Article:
Solution combustion synthesis (SCS) has emerged as an innovative wet-chemical method to synthesize ceramic materials like pigments. Low-particle size products are obtained by means of SCS, using short reaction times and moderate temperatures [9]. This synthesis technique is suitable to overcome some important disadvantages of the traditional process. From an economic and technical point of view, SCS involves lower preparation costs, as is easy to scale up. In addition, SCS generates very homogeneous pigments as foamy masses made up of nanosized grains, without needing a further intense milling process. This last property makes SCS pigments really useful for inkjet technology which requires submicronic particle sizes.

SCS synthesis is carried out by mixing a concentrated aqueous solution of precursors (nitrates are frequently used) with a specific fuel (urea, hexamethylentetramine, glycine, hydrazine and their derivates, etc.). After stirring the solution to mix the reactants at atomic scale, water is evaporated in a fast-heating process up to 500°C so that the remaining solid sediment ignites to burn spontaneously in a highly exothermic reaction, providing enough energy to synthesize the desired product. The release of large quantities of gases during the reaction (CO2, H2O and N2) generates a product with a foamy appearance.

SCS is a broadly used technique to synthesize large number of inorganic materials, either simple or mixed oxides [10–15]. Spinels are one of the most characteristic group SCS has worked in [9], because a relevant number of pigments included in CPMA classification, have this structure [16]. Spinel-type materials have been perfectly developed using SCS method according to what Patil et al. [17,18], Costa et al. [19], Ianoş et al. [20] or Mimani and Ghosh [21] have reported. In addition, Mestre et al., in previous works, demonstrated that SCS was also adequate to synthesize complex spinels using urea as fuel [22,23].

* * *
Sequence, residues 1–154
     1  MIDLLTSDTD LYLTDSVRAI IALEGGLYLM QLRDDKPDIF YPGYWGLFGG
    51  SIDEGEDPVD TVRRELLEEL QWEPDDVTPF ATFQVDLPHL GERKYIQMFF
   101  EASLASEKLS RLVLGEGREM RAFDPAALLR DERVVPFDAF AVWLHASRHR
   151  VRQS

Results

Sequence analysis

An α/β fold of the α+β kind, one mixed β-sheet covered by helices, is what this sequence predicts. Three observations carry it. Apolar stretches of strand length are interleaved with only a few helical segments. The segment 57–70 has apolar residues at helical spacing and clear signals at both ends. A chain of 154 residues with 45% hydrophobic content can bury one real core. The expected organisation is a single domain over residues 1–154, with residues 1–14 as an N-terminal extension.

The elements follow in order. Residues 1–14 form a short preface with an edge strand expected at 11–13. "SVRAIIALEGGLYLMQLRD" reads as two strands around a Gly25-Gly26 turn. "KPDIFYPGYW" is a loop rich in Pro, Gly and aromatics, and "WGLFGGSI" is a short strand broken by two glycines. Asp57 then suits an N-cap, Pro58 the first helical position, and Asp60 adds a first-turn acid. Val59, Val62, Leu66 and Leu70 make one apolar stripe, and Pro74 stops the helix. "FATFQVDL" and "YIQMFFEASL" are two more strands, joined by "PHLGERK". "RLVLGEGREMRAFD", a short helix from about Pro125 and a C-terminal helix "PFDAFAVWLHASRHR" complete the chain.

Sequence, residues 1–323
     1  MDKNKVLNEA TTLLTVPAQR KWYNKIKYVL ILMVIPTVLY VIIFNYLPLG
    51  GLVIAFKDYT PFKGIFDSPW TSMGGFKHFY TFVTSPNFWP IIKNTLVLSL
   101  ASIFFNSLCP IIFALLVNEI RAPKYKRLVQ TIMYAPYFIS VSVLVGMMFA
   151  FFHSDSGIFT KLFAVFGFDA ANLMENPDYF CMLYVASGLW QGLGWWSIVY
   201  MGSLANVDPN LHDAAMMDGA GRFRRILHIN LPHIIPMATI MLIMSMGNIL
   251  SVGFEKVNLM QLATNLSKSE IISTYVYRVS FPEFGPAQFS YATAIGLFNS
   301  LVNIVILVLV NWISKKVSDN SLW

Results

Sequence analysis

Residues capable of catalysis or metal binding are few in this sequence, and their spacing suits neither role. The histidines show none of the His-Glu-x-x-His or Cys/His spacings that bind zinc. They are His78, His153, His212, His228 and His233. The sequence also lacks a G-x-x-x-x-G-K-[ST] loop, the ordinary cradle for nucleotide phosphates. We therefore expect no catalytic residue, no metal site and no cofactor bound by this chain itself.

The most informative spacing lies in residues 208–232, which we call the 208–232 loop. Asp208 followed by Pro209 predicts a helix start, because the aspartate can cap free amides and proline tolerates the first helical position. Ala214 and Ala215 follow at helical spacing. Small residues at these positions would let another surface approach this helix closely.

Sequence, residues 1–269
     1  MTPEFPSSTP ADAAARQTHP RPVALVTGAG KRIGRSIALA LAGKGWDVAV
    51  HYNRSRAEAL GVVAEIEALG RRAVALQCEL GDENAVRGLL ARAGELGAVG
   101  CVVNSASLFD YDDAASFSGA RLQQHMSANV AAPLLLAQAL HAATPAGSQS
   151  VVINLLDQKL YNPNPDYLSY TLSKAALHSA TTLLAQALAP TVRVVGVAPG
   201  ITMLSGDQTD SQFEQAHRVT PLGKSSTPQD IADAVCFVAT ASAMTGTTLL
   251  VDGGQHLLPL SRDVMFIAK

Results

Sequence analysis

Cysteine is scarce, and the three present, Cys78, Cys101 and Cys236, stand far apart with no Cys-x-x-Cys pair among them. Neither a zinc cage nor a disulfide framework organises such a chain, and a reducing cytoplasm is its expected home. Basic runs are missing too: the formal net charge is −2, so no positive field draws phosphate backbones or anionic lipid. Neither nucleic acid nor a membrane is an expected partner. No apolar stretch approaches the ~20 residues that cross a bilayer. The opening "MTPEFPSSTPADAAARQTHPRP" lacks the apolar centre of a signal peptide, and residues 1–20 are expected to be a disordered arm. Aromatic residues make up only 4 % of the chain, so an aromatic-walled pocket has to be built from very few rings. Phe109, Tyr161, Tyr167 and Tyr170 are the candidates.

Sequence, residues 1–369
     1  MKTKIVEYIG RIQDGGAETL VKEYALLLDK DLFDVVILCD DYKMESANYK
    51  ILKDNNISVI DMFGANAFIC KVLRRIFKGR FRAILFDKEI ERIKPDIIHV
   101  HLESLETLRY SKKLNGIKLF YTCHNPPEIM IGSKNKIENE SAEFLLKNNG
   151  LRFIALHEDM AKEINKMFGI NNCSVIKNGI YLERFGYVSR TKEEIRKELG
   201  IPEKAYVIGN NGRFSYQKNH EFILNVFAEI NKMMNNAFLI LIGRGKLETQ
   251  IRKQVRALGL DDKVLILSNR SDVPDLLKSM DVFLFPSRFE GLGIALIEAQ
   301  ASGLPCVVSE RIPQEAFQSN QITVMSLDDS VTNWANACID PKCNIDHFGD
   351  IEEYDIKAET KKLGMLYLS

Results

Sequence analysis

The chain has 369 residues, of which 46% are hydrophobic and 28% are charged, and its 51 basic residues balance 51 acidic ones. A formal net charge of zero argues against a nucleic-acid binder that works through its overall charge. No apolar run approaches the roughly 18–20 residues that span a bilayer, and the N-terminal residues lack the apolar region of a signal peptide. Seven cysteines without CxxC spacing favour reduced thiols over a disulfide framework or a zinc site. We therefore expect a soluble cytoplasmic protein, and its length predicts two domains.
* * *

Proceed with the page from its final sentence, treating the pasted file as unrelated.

Many variables must be considered when developing a new pigment by SCS: mixture composition, fuel, solution concentration or even thermal treatment is some of the most important [24,25]. The selection of the suitable fuel is supposed to be a critical parameter because it is responsible for modifying the mechanism and kinetics of the combustion and, consequently, it grants the possibility to control the product characteristics. Many fuels are reported to ignite a SCS mixture, being the urea the most frequently used by their low cost and harmlessness. However, every fuel could act in different ways and, as a consequence, its influence in the final product's properties should be analyzed. There are no systematic studies about the feasibility of selecting the right fuel to develop new or improved spinel pigments with higher colouring power. As a consequence, this research is aimed to study the synthesis of mixed spinels Co(Cr,Al)2O4 to evaluate the fuel influence into the pigment final properties (mainly crystallinity and tinting strength). Green CoCr2O4 and blue CoAl2O4 were the original spinels selected to develop the study because they are two of the most characteristic spinels used in the traditional ceramic industry [26,27].

Materials and methods

Samples were formulated following the general formula CoCr2−2ΨAl2ΨO4 (0Ψ1 in steps of 0.2). Three different fuels were selected in order to study the effect of the fuel nature in the synthesis of the pigments, urea (CH4N2O), glycine (NH2CH2COOH) and hexamethylentetramine (HMT, C6H12N4). They are the most popular and attractive fuels to yield highly uniform, complex oxide ceramic powder with precisely controlled stoichiometry.

The molar reaction for one of the composition with each fuel is shown as an example: